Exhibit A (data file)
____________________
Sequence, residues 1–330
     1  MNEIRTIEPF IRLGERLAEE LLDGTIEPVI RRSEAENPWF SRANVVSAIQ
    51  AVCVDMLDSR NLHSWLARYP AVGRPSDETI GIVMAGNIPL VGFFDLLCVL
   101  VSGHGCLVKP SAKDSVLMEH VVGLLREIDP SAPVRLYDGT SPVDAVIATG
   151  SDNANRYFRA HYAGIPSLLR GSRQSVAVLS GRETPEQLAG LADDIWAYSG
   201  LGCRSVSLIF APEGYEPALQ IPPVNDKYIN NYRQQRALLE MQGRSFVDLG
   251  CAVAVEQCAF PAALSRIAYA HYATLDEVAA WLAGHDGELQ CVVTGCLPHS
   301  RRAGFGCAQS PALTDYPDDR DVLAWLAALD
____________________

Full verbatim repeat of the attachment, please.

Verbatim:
Sequence, residues 1–330
     1  MNEIRTIEPF IRLGERLAEE LLDGTIEPVI RRSEAENPWF SRANVVSAIQ
    51  AVCVDMLDSR NLHSWLARYP AVGRPSDETI GIVMAGNIPL VGFFDLLCVL
   101  VSGHGCLVKP SAKDSVLMEH VVGLLREIDP SAPVRLYDGT SPVDAVIATG
   151  SDNANRYFRA HYAGIPSLLR GSRQSVAVLS GRETPEQLAG LADDIWAYSG
   201  LGCRSVSLIF APEGYEPALQ IPPVNDKYIN NYRQQRALLE MQGRSFVDLG
   251  CAVAVEQCAF PAALSRIAYA HYATLDEVAA WLAGHDGELQ CVVTGCLPHS
   301  RRAGFGCAQS PALTDYPDDR DVLAWLAALD